How to Find the Right People and Train Them, Part I

Surround yourself with the best people you can find, delegate authority, and don’t interfere as long as the policy you’ve decided upon is being carried out. – Ronald Reagan, 40th US President

In past posts we have made the argument for why leaders need to delegate, described how to use situational leadership to determine when to delegate, and to who, shared 7 steps to effective delegation, and discussed what should and should not be delegated. In this post we will tackle how to find the right delegation candidates and properly train them to take the project and run with it.

Is there such a thing as a “perfect” delegation candidate?

No, there isn’t.

As we have discussed, part of determining who to delegate tasks to will depend on who you have available as well as your purpose and intent when delegating. For example, tasking something to a new hire that you are looking to groom may look very different from asking a seasoned member of the team to complete the same task. One may be better equipped to do it today than the other, but that may not be your primary consideration.

Here are some factors to consider when seeking to identify the right candidate for delegation.

  1. The experience, knowledge and skills of the individual. What knowledge, skills and attitude does the person already have? How do they match up to the task at hand? What will they need to learn? Do you have time and resources to provide any training needed?

  2. The person’s current schedule and workload. Does the person have time to take on more work? Will this task require reshuffling of other responsibilities and workloads?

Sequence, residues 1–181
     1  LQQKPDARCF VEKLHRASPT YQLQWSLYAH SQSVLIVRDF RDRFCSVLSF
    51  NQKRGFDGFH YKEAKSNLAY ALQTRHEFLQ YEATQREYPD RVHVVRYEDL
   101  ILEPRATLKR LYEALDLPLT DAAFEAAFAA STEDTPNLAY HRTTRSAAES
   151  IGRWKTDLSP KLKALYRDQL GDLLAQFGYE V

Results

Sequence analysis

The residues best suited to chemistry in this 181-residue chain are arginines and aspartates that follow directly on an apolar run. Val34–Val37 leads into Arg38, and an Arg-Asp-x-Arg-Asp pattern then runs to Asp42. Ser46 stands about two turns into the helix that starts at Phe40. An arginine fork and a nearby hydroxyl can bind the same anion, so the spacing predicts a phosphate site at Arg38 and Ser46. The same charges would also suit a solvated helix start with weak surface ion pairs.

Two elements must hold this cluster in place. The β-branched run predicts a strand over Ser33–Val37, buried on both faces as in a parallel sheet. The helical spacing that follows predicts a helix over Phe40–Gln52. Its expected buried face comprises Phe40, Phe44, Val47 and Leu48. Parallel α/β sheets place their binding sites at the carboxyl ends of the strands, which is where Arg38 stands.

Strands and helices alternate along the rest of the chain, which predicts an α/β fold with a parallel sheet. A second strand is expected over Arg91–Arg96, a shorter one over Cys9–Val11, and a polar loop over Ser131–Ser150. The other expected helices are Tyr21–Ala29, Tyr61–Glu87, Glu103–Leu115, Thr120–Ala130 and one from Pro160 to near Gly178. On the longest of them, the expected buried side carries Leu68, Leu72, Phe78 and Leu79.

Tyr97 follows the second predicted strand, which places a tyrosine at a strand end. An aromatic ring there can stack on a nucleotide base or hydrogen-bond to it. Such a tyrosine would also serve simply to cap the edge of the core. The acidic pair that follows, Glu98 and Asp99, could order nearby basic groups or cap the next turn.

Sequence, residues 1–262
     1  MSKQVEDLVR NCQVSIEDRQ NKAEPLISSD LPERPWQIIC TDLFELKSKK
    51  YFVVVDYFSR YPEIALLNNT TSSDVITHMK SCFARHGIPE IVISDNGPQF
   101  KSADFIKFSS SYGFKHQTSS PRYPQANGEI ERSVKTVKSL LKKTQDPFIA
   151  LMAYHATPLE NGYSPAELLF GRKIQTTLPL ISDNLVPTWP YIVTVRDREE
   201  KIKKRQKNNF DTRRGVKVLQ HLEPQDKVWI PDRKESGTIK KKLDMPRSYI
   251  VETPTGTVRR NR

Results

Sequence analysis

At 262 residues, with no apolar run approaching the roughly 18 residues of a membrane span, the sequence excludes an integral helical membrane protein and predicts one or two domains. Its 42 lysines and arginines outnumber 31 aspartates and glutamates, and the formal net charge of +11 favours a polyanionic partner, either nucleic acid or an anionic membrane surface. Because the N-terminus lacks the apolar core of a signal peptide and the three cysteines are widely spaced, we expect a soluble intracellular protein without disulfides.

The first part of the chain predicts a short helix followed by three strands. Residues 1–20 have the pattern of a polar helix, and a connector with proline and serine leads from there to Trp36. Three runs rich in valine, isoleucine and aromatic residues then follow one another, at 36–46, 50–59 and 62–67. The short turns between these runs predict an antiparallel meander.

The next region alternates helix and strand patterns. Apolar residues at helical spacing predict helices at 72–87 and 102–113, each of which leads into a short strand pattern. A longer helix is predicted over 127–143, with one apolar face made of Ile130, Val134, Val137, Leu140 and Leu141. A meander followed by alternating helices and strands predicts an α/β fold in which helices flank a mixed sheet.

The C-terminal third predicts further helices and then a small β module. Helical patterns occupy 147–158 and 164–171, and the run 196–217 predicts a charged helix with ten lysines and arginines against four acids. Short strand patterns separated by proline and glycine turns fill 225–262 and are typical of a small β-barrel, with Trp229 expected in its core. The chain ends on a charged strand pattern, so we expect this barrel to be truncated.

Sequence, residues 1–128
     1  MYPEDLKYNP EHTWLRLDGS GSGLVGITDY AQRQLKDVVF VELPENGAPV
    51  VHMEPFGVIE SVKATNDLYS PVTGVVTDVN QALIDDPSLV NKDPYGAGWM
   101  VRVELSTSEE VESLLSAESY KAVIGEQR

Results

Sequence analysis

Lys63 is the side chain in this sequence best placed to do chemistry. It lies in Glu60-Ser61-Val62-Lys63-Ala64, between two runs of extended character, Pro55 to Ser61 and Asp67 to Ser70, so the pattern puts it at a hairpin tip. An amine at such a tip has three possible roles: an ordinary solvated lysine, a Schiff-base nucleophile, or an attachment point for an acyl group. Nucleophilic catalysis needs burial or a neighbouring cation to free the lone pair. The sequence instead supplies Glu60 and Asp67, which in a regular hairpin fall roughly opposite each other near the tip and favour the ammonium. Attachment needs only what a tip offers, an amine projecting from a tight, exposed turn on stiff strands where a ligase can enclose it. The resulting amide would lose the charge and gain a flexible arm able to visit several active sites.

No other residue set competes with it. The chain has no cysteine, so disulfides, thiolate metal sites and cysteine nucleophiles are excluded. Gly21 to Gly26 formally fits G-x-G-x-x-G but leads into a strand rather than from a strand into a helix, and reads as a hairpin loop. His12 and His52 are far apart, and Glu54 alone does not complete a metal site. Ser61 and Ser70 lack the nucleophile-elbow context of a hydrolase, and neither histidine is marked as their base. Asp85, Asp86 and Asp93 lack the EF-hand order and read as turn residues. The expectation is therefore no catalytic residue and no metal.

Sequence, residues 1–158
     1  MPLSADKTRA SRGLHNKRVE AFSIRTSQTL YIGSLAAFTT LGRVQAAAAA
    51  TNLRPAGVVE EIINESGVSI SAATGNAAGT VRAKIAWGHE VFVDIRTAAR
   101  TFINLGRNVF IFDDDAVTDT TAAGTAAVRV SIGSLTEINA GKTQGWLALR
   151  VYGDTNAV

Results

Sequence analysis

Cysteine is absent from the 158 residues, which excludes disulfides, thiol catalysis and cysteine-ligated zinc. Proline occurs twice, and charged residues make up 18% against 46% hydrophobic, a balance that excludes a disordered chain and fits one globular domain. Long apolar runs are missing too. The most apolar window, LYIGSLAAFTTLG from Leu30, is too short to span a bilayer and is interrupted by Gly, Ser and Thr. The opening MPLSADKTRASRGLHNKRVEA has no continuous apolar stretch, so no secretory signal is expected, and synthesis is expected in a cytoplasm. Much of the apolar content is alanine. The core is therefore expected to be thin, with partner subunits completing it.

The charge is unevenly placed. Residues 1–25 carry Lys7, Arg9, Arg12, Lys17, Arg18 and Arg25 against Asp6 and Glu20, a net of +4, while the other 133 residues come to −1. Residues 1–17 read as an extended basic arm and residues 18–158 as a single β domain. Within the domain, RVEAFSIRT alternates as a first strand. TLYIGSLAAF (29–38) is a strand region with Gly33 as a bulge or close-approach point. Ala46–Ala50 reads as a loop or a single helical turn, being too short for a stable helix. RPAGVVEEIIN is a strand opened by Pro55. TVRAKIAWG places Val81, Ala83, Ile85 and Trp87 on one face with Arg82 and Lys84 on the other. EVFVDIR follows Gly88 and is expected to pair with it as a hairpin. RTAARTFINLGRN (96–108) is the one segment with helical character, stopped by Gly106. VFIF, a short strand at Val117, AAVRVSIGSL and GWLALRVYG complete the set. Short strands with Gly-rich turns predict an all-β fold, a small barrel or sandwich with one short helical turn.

3. The individual’s preferred work style. How independent is the person? Can s/he collaborate as needed?

  4. The subordinate’s personal goals. What does he or she want to gain from his/her job? What are his or her long-term goals and interests, and how do these align with the work proposed? Will this kind of work engage him/her and motivate them to grow?

  5. The delegatee’s passion. Has s/he expressed an interest in this kind of work before? Does it align with their values and beliefs?

  6. Someone to groom. Is there a person on staff who you would like to develop, in terms of skills, leadership, or both? Perhaps this project is something that they know or can do well and is the perfect opportunity for an easy win.

  7. The project’s flexibility. Is the project one that requires a very specific outcome, or can it be completed in different ways depending on each person’s preference? Filip Boksa, CEO of King of Maids writes, “Letting employees test out their ideas will not only keep them engaged, but it may also lead to additional revenue streams.”

  8. The availability of training resources. Is the leader or some other team member able to train and direct as needed? Are there accessible programs or service providers that can serve that role?

  9. Opportunities for practice. Can the project be practiced or rolled out in low-stakes manner that will allow for confidence building and corrections as needed?

I will share how this applied these criteria to a “delegation situation” in the second installment of this post.